Note: The photographs below are in the same order they were taken during the day between 9am till 1pm.
The video editing is taking much more time than expected so they videos will be published on here tomorrow. Don’t miss our videos showing the process of moving the blocks of the statues.
Two colossus of Amenhotep III were standing at the North gate of the funerary temple of the King, facing North. Each was a monolith of quartzite hewn in the quarries of Gebel El-Ahmar near Ancient Heliopolis, and transported to Thebes to precede the Northern gate of the funerary temple precinct of Amenhotep III. Both colossi represent the King striding, crowned by the white crown of Upper Egypt and wearing the pleated kilt, which is held at the waist by a large belt.
Toppled n antiquity by a heavy earthquake at about 1200 B.C they had fallen in South-East direction, broke into several pieces, and remained there until today. The largest piece weighs ca. 35 tons; the total weight of each colossus is estimated to be 90 tons. The total height including the base and the high crown is ca. 13 meters.
These colossi were seen and described by the scholars of the French Expedition to Egypt in 1821, then by Champollion in 1828 and Wilkinson in 1835, until they were re-discovered and further studied, in modern times by Ludwig Borchardt in 1933, who signaled them to Mahmoud Darwich asking him to uncover them in 1949.
Labib Habachi re-studied the partly uncovered colossi and reported about their history providing a brief description and 3 illustrations published in 1981 in cooperation with the Swiss Institute.
Since then the colossi were lying in the irrigated fields of private owners. The original ground of the temple lies 2.5 meters below the actual surface of the fields, and the stone is threatened by constant irrigation and assaults of salt.
Since 1998, the colossi of Memnon and Amenhotep III temple Conservation Project, a European-Egyptian team directed by Hourig Sourouzian and co-directed by Rainer Stadelmann, has applied to the Supreme Council of Antiquities (SCA) to save and raise these colossi which are part of the concession of the Amenhotep III temple precinct.
Over the years the request has been approved by the Permanent Committee of the SCA/MSA, waiting that the land would be declared property of the Egyptian antiquities.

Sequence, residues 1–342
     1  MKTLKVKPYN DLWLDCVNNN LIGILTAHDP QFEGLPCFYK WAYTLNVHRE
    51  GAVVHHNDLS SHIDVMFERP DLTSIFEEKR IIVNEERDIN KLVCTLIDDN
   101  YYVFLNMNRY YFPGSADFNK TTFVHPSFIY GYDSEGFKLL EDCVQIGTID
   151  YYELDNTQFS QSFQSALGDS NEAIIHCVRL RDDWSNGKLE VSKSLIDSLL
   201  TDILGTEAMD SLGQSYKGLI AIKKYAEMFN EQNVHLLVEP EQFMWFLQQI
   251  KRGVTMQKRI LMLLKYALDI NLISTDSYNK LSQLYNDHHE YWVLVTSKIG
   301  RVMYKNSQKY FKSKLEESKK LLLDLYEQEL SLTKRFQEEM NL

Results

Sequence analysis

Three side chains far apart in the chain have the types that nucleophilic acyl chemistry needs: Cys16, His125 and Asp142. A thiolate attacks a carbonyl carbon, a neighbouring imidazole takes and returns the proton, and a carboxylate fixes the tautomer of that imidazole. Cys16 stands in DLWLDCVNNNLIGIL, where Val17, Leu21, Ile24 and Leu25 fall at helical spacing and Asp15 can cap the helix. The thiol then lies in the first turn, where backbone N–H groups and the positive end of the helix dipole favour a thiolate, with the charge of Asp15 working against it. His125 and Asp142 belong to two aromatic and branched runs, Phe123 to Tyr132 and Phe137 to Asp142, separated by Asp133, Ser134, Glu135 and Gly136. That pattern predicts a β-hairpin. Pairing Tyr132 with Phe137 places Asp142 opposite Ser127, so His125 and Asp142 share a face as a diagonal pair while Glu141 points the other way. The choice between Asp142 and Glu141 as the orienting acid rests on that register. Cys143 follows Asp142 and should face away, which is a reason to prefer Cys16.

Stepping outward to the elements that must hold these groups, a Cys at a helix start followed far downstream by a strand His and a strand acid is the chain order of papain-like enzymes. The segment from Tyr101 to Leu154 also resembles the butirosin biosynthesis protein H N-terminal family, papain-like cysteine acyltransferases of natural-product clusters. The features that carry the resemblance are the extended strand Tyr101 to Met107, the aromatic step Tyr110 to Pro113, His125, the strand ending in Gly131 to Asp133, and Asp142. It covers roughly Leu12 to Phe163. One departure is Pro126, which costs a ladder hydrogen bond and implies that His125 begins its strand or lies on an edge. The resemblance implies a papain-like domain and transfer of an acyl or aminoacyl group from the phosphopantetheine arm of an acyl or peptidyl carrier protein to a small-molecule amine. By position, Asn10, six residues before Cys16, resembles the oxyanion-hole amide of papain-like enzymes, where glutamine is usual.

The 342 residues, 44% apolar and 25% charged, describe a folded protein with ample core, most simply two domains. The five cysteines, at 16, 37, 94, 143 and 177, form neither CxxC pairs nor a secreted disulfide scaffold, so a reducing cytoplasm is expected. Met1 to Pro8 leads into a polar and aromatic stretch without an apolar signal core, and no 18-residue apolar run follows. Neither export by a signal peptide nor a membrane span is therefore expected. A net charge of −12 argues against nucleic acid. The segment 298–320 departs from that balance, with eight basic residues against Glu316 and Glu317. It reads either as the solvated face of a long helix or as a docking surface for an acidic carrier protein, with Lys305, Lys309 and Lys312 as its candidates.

Recently, in 2010-2011, a team of the Ministry of Antiquities directed by Dr. Zahi Hawass, Former Minister of Antiquities, had re-uncovered the statues in an attempt to raise them but the work had been interrupted.
Actually, the Permanent Committee entrusted salvage works on the two colossi to a joint Egyptian-European mission between the Ministry of State for Antiquties and “ The Colossi of Memnon and Amenhotep III temple Conservation Project” directed by Dr. Mohamed Abdel Maqsoud and Hourig Sourouzian.
The colossal pieces was moved on solid ground for cleaning, documentation and conservation, before being reassembled. The operation of moving started officially today, in presence of Adel Abd EL Sattar, Secretary General of Antiquities, Dr. Mohamed El Bialy, Director of the Ancient Egyptian department, Dr. Mohamed Abdel Maqsoud and the Dr. Ezat Saad, governor of Luxor.
The plan to reassemble the pieces and raise the colossi in the same direction, on solid foundations 16 meters to the west and 8 meters higher on the bedrock belonging to the Antiquities department to solve the problem of the private owned land where it was discovered and moved from.
The plan is been designed by architect Nairy Hampikian, field manager of the works on the site, the foundations will be calculated and constructed by structure engineer Mohamed El Esawy, the moving operations will be led by Mohamed Ali El Ghassab of the SCA and Miguel Lopez of the “ Memnon/Amenhotep III Project”.
The initial phase of the project is financed by grants of the Association des Amis des Colosses de Memnon, Memnon Verin and World Monuments Fund Robert Wilson Challenge to Conserve our Heritage.
(Left to Right) Dr. Ezat Saad, Dr. Hourig and Mr. Adel Abel Sattar
The foot of the statue didn’t grow a human head (Just to be clear)
The farm animals nearby enjoyed the event too. Maybe it is equivalent to ” Reality TV” for them
Where the dog sleeps tonight? At the foot of the pharaoh
More details of behind the scene events and personal notes plus the exclusive videos, on Luxor Times magazine blog Tomorrow.